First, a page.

I learned how to write tests using mocking frameworks. All the tests I wrote at Instagram were written with heavy use of Mockito.
Since I've started at Cash App, though, I've learned the Cash App way, which is to avoid using mocking frameworks at all. Instead, if we're testing something that needs a
BiometricsStore, for example, we create a new class and write a
FakeBiometricStore implementation by hand.
This is called "faking".
I strongly prefer faking over mocking now.
Mocks feel like they make writing tests easier, because they save me the labor of manually building a fake implementation. In practice, though, they make writing tests harder, because I have to write that labor-saving code for every single test I write.
That work just isn't worth saving! Writing the fake implementation in Kotlin is usually just as easy as writing the equivalent mocking code. So why bother?
Of course, writing code over and over isn't necessarily a bad thing in tests. But it is when that code has nothing to do with what you're testing. And that's the case here: I decide on an API for
BiometricsStore, and then every time I test against it I have to simulate its behavior with the mocking framework. Once you start writing fakes instead, that work disappears.
Mocks also create "drunk under the lamppost" sorts of problems: situations where you write code in a particular way not because it's the right way, but because it's easy to mock.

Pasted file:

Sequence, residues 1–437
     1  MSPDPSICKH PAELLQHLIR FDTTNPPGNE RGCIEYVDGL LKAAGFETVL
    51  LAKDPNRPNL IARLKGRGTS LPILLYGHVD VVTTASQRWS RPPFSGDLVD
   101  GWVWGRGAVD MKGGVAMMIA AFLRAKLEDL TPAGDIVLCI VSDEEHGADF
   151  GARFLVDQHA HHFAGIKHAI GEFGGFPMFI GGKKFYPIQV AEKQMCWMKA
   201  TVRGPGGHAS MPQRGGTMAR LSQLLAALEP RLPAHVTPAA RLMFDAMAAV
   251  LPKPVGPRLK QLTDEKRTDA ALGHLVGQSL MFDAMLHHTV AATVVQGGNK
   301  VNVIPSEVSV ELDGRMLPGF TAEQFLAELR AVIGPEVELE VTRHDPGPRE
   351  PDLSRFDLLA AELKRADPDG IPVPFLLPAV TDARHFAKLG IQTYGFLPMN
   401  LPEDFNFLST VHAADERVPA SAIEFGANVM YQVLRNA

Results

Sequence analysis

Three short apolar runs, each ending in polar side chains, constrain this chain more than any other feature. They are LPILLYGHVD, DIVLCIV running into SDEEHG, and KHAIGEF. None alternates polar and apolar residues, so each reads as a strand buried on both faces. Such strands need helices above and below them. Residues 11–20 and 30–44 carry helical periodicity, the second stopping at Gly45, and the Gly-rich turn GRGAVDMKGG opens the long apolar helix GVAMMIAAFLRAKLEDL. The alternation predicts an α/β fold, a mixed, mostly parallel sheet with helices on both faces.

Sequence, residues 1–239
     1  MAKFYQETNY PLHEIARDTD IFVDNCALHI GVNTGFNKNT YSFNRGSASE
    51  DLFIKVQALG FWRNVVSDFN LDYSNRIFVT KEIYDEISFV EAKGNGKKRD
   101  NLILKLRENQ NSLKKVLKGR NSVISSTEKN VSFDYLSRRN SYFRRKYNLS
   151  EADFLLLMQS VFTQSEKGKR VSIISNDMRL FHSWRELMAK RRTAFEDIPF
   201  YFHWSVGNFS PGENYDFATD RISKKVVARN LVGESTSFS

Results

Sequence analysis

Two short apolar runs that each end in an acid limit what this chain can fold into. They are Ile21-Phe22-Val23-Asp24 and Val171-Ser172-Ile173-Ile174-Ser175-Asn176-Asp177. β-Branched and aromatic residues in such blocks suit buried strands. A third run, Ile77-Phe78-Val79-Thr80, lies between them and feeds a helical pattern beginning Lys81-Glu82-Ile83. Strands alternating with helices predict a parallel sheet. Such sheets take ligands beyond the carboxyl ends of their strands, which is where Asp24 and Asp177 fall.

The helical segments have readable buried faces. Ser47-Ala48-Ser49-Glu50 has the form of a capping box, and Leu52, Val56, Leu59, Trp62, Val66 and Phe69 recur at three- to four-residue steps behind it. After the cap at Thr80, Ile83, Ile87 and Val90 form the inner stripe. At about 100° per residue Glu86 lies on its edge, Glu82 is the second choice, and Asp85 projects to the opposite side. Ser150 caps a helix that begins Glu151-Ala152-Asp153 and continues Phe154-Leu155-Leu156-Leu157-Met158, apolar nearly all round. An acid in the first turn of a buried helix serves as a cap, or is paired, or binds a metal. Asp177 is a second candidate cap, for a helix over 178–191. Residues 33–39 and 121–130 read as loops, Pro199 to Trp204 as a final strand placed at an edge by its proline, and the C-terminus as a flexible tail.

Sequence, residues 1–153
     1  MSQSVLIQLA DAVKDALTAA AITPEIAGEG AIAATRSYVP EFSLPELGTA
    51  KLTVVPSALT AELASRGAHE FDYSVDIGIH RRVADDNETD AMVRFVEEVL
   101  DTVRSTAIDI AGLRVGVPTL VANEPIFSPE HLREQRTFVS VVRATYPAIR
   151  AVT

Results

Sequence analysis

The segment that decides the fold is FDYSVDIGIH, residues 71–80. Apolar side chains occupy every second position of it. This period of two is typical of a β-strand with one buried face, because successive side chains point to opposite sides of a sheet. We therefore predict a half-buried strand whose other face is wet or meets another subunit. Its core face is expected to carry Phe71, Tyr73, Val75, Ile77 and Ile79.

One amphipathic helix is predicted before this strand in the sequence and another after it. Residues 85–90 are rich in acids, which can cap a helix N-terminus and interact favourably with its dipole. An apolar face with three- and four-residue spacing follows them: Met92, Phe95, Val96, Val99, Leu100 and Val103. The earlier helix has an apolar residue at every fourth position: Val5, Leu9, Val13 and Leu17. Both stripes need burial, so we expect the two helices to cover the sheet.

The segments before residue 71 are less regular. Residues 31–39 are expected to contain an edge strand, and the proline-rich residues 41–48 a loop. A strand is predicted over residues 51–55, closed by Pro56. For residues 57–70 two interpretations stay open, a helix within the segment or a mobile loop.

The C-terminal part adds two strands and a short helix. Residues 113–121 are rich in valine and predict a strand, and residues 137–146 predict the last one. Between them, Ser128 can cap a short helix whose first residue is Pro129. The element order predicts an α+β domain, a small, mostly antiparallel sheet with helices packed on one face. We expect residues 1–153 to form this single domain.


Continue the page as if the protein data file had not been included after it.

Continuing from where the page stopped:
Thin abstractions become particularly appealing. If you mock,
BiometricsStore can't do anything interesting, because you have to program its mocked behavior from scratch every time you test against it. This encourages creating tissue thin abstractions that match your mocking framework's API, resulting in a proliferation of not-very-meaningful classes.
Having all this mocking code written over and over is a drag on maintenance, too. Changing the API for
BiometricsStore means changing the mocking setup in every single test. This is a drag.
Another example we've run into on Cash Android is migrating over to coroutines; part of this work has required distributing good coroutines testing practices across the codebase.
We're in a good spot with this today. But if we weren't using fakes, I don't know how we would've gotten there. Mocking frameworks didn't (and still don't) support the approaches we found best.
Even if they did, the way that mocks repeatedly reimplement testing code would have left us without a foothold for pushing the whole codebase forward. We would have had to police testing approaches team by team, engineer by engineer, PR by PR, line by line. And that is a direct result of the practices mocking encourages.